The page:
McCarthy moves to transfer the case to a judicial district that is either (i) in one of the states or territories whose air quality is at issue in this litigation; or (ii) where the acts or omissions at issue allegedly occurred or will occur. Mot. (Dkt. No. 31). McCarthy identifies fifteen districts that satisfy one or both of these criteria: (1) District of Puerto Rico, (2) Southern District of Iowa, (3) Middle District of Florida, (4) District of Minnesota, (5) Eastern District of Texas, (6) Southern District of Indiana, (7) Northern District of Ohio, (8) District of Kansas, (9) Southern District of New York, (10) Northern District of Georgia, (11) Northern District of Illinois, (12) Northern District of Texas, and (13) Eastern, (14) Western, and (15) Middle Districts of North Carolina. Id. I heard argument from the parties on March 25, 2015. Dkt. No. 36.

LEGAL STANDARD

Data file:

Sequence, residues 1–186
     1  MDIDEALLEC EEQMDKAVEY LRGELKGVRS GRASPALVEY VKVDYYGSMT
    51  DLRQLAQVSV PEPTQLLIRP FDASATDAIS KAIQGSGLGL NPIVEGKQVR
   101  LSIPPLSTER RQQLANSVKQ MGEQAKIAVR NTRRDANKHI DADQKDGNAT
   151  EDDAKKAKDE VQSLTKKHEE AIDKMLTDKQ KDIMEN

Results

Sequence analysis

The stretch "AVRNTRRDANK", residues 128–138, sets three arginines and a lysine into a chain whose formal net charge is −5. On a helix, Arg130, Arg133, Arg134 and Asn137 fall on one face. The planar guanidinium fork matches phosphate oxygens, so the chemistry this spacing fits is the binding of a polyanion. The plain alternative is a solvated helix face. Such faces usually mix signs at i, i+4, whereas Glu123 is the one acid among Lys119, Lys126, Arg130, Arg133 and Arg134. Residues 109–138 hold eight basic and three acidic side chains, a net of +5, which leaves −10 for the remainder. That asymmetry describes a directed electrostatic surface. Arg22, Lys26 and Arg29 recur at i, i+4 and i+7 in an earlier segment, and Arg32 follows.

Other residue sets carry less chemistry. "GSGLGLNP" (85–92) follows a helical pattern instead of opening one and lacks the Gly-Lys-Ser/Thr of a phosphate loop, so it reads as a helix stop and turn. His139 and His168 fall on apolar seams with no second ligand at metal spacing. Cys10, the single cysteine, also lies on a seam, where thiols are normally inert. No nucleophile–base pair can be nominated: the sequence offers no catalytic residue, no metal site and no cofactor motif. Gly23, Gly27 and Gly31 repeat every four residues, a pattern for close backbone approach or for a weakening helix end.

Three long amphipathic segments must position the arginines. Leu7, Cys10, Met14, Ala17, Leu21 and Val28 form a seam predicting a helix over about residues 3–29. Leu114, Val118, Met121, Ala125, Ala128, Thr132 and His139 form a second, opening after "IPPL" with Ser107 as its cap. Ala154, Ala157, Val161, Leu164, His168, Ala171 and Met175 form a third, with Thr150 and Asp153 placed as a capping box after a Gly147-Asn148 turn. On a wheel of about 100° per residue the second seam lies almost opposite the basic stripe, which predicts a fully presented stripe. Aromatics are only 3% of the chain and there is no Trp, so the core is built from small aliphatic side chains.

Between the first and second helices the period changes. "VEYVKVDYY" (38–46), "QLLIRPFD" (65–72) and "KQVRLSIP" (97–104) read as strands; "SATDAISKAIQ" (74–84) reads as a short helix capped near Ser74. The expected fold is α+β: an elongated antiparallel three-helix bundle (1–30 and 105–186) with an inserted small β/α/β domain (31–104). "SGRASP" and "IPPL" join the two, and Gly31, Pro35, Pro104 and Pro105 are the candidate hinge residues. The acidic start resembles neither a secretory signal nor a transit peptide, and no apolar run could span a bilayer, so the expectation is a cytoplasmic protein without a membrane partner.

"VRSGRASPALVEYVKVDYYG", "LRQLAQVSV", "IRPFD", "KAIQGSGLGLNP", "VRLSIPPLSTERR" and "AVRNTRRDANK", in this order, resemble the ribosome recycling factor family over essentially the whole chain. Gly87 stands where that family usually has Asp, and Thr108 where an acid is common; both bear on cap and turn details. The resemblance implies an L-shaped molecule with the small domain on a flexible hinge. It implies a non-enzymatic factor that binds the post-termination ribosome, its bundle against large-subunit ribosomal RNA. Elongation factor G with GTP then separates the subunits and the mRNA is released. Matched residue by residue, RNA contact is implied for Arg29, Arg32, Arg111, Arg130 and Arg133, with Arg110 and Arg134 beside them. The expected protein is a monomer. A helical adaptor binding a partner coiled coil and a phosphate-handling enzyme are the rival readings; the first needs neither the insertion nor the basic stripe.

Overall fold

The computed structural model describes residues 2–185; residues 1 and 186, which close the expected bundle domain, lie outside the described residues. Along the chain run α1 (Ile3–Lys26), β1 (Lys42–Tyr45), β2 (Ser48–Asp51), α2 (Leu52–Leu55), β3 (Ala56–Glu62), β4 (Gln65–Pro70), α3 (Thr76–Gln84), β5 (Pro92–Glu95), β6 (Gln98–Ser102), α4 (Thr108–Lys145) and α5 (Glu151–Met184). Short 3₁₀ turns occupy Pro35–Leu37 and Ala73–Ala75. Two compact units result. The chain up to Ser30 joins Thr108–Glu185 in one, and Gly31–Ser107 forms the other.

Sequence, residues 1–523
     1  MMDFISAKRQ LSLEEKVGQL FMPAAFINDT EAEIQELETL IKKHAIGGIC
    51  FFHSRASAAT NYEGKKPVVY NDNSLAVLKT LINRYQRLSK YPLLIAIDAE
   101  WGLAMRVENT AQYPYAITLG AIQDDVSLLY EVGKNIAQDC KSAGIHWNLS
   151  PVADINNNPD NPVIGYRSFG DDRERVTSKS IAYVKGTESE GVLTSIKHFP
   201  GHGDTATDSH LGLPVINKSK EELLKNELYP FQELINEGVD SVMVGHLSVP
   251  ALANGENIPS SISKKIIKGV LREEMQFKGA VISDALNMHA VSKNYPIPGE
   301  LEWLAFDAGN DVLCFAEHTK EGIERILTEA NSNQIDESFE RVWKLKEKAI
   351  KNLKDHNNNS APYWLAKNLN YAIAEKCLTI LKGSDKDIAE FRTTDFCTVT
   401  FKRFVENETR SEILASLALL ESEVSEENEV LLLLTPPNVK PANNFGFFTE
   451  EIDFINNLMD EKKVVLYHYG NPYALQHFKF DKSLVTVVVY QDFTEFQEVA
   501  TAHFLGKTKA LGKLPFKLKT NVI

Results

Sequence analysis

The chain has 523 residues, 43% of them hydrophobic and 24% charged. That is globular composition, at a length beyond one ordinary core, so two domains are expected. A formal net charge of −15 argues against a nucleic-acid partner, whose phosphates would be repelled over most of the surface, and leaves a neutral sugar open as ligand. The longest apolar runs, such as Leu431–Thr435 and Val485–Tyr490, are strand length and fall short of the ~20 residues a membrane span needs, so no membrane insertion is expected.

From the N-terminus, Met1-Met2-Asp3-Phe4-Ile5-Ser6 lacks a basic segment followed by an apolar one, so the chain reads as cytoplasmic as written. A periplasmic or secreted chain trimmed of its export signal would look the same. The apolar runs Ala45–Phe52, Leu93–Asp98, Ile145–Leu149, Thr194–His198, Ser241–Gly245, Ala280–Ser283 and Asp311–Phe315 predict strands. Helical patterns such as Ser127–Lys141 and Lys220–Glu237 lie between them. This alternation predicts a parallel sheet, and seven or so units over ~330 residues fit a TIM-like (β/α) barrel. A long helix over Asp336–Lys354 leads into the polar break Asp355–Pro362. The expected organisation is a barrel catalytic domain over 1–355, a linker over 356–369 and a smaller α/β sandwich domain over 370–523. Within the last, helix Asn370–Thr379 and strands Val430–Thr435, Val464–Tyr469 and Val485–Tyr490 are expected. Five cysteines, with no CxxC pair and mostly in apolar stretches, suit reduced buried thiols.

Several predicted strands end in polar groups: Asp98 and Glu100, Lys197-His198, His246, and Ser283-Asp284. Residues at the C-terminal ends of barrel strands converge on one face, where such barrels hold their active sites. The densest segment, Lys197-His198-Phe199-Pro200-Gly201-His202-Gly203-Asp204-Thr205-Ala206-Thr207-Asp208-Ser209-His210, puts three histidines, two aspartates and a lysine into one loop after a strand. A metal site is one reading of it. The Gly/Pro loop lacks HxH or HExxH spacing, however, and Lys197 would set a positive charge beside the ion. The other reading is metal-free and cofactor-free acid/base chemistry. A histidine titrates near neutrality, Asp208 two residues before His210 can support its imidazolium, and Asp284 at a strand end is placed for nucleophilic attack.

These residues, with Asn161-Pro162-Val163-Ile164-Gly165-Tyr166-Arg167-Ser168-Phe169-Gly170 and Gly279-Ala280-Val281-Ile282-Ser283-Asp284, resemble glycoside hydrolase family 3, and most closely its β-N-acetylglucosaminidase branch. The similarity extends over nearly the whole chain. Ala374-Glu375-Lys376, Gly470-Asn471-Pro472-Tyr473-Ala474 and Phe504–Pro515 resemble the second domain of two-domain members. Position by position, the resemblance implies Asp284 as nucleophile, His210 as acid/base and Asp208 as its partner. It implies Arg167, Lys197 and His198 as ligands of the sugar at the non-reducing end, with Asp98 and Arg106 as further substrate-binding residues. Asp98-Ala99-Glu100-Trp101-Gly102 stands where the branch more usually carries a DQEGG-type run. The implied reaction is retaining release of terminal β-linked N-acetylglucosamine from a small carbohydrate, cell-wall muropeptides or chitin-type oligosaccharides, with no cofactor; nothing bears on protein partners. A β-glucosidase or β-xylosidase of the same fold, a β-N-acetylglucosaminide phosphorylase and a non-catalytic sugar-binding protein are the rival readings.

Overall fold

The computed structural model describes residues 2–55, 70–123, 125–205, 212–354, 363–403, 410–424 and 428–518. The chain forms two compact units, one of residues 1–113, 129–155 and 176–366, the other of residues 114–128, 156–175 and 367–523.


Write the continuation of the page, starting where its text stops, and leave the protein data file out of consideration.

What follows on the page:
"For the convenience of parties and witnesses, in the interest of justice, a district court may transfer any civil action to any other district or division where it might have been brought or to any district or division to which all parties have consented." 28 U.S.C. § 1404(a). Section 1404(a) "requires two findings-that the district court is one where the action might have been brought and that the convenience of parties and witnesses in the interest of justice favors transfer."[2] Hatch v. Reliance Ins. Co., 758 F.2d 409, 414 (9th Cir. 1985) (quotations omitted). The "district court has discretion to adjudicate motions for transfer according to an individualized, case-by-case consideration of convenience and fairness." Jones v. GNC Franchising, Inc., 211 F.3d 495, 498 (9th Cir. 2000) (quotations omitted).